Athena’s Outpatient Care: The Rare Lymphedema Program At Montowese

Athena’s Outpatient Care: The Rare Lymphedema Program At Montowese

NORTH HAVEN, C.T. — Lymphedema can be a burden on those diagnosed with the condition.

It induces swelling due to a build-up of lymph fluid that can be caused by trauma or damage to the lymph nodes. It’s a life-long condition, but at Montowese Health & Rehabilitation Center in North Haven, their goal is to help manage the condition.

Certified Lymphedema Therapist at Montowese, Meredith Ballard

“That’s what we aim to do with lymphedema therapy. It’s not going to cure the lymphedema, it’s always going to be there, but through acute treatment and then transition into custom garments, we’re able to really manage it which has huge benefactors as far as mobility,” Meredith Ballard said.

Ballard is an Occupational Therapist, Certified Lymphedema Therapist, and also a Lead Therapist at the center’s rehabilitation clinic. She is both passionate and prepared to help people manage lymphedema. Originally from North Carolina, Ballard came to New England to attend Bay Path College in Longmeadow, Massachusetts. After graduation, she got a job at Montowese and liked it so much, she has stayed for eight years.

According to the Lymphedema Treatment Act, passed on the federal level in late 2022, an estimated three to five million Americans have the condition. The act will improve insurance coverage for doctor-prescribed, medically necessary compression supplies to treat lymphedema and will go into effect in January 2024. According to the organization that advocated for the bill, most physicians are barely taught about the lymphatic system during their medical training. Ballard can attest to this.

“It’s not something you learn all that much about in school. They’re kind of like, ‘Okay, lymph nodes, you have them’ move on,” she said.

Because of the limited education, lymphedema can often be misdiagnosed and not treated correctly. Ballard takes pride in being a Certified Lymphedema Therapist and says it’s rare to have the certification because it is “extensive,” “tedious,” and “intimidating” to get. She traveled to her home state of North Carolina to take the two-week, 10-hour-a-day course. There were also days of modules she had to complete before the course began.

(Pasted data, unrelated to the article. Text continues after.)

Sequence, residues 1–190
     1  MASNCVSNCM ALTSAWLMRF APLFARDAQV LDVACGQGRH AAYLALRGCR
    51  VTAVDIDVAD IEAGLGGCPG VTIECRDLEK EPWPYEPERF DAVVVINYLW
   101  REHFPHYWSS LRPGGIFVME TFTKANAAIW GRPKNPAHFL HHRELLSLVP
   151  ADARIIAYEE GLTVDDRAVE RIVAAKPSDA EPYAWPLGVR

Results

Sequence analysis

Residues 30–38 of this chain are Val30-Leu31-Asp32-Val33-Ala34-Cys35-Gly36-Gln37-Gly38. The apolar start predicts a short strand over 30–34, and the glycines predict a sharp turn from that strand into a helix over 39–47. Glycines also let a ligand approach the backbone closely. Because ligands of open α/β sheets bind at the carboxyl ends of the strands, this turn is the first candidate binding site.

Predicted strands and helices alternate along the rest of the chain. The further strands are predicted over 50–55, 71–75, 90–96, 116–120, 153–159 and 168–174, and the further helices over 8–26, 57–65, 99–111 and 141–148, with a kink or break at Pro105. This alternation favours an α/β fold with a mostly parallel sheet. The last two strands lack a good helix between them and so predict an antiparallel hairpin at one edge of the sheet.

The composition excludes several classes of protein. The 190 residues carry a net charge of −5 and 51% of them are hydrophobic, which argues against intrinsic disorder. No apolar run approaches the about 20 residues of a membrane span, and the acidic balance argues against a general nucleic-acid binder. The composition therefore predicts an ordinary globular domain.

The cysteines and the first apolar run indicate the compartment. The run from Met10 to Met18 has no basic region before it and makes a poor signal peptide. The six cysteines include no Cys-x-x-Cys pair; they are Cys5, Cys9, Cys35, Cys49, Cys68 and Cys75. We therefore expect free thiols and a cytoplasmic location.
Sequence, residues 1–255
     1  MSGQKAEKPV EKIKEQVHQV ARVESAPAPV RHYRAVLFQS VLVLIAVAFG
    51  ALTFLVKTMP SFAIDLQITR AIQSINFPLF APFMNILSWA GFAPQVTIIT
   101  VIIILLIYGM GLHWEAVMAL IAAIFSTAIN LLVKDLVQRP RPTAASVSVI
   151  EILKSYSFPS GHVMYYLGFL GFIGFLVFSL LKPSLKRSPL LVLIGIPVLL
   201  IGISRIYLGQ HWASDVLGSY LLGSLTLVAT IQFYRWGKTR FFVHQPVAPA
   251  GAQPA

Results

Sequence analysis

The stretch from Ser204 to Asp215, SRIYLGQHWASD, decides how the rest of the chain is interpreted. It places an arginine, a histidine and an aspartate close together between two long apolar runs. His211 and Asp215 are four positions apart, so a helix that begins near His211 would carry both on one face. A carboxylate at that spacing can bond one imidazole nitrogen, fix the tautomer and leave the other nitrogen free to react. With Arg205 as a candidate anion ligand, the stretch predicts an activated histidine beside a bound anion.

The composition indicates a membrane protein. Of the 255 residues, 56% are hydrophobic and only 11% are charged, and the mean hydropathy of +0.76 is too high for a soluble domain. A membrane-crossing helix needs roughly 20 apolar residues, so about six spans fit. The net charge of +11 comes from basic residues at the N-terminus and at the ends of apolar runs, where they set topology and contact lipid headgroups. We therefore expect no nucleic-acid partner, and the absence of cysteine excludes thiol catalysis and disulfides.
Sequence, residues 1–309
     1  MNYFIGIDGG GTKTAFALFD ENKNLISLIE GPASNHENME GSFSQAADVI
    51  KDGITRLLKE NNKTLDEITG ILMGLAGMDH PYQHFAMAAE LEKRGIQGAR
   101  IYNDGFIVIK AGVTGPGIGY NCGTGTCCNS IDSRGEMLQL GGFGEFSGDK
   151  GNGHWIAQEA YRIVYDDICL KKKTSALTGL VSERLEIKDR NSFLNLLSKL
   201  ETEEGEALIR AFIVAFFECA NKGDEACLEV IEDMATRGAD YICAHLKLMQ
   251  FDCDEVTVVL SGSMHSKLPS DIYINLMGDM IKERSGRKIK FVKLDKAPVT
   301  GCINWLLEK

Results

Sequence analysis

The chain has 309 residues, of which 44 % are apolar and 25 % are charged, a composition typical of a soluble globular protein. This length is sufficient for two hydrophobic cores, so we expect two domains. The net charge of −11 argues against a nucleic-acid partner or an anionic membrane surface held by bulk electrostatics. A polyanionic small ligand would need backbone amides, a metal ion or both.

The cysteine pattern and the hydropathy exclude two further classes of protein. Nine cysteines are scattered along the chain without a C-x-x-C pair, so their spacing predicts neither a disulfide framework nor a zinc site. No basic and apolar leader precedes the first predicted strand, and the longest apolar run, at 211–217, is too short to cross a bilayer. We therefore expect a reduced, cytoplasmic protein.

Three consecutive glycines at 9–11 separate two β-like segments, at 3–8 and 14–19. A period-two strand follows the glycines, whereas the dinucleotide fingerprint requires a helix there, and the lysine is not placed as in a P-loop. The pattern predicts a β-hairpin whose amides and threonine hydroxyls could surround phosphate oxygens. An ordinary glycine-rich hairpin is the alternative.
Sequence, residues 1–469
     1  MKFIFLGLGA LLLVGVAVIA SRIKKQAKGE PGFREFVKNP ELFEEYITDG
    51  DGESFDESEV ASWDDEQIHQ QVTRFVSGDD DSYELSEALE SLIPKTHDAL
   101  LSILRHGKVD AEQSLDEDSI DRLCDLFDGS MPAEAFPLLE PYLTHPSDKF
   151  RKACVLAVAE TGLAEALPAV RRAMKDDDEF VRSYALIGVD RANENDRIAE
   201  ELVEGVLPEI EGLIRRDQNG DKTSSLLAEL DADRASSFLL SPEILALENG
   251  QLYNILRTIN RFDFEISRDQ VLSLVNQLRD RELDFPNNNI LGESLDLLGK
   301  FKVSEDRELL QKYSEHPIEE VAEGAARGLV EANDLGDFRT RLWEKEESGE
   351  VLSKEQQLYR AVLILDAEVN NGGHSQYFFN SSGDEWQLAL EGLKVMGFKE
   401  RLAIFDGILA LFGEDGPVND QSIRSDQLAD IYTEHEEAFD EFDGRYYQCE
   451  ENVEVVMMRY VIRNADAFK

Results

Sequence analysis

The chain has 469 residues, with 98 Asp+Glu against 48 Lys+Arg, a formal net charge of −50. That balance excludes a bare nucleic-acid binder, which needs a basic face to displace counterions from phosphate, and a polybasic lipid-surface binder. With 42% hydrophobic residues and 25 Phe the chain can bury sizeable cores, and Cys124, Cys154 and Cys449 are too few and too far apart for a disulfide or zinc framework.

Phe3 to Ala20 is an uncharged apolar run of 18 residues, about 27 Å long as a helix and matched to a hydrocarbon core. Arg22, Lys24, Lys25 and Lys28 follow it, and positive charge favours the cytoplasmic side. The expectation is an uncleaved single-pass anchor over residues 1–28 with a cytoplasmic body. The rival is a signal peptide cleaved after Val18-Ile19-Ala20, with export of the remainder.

Ballard shows different wraps used to treat lymphedema

The team at Montowese has the equipment, techniques, and experience to manage lymphedema. Ballard said the fluid build-up can be difficult to relocate out of the impacted area and, because of that, they get hands-on to help move the fluid through the body.

“The biggest population we do see it is with breast cancer patients because a lot of treatment is to the breast tissue and there is a lot of lymph tissue in that area. With treatment, with radiation, with mastectomies, the lymph nodes are getting damaged so they’re no longer able to circulate the lymph fluid properly,” Ballard said. 

Treatment involves more than getting hands-on during a therapy session. Wrapping is a big part of the process to apply pressure to the areas where fluid is built up. When Ballard first sees a patient, she will take measurements of the impacted area to see the volume and better track the progress over time. The bandages are wrapped around the limb to act as a pump. It is changed multiple times throughout the week but stays on constantly to prevent the build-up again.